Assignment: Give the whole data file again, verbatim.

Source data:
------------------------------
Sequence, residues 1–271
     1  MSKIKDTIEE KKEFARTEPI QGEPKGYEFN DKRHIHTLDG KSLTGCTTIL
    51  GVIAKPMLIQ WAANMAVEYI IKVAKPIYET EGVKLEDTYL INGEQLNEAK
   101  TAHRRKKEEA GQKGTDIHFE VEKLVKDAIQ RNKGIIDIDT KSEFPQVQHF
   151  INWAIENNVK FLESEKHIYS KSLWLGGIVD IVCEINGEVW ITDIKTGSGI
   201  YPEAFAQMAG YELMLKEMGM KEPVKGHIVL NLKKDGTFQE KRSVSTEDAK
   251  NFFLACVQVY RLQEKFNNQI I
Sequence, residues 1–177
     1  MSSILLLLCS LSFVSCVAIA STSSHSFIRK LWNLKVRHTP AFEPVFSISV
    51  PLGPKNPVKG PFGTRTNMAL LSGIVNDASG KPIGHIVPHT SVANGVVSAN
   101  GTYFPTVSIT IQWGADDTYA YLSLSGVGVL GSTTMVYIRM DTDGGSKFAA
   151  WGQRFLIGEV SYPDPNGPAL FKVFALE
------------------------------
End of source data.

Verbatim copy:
Sequence, residues 1–271
     1  MSKIKDTIEE KKEFARTEPI QGEPKGYEFN DKRHIHTLDG KSLTGCTTIL
    51  GVIAKPMLIQ WAANMAVEYI IKVAKPIYET EGVKLEDTYL INGEQLNEAK
   101  TAHRRKKEEA GQKGTDIHFE VEKLVKDAIQ RNKGIIDIDT KSEFPQVQHF
   151  INWAIENNVK FLESEKHIYS KSLWLGGIVD IVCEINGEVW ITDIKTGSGI
   201  YPEAFAQMAG YELMLKEMGM KEPVKGHIVL NLKKDGTFQE KRSVSTEDAK
   251  NFFLACVQVY RLQEKFNNQI I
Sequence, residues 1–177
     1  MSSILLLLCS LSFVSCVAIA STSSHSFIRK LWNLKVRHTP AFEPVFSISV
    51  PLGPKNPVKG PFGTRTNMAL LSGIVNDASG KPIGHIVPHT SVANGVVSAN
   101  GTYFPTVSIT IQWGADDTYA YLSLSGVGVL GSTTMVYIRM DTDGGSKFAA
   151  WGQRFLIGEV SYPDPNGPAL FKVFALE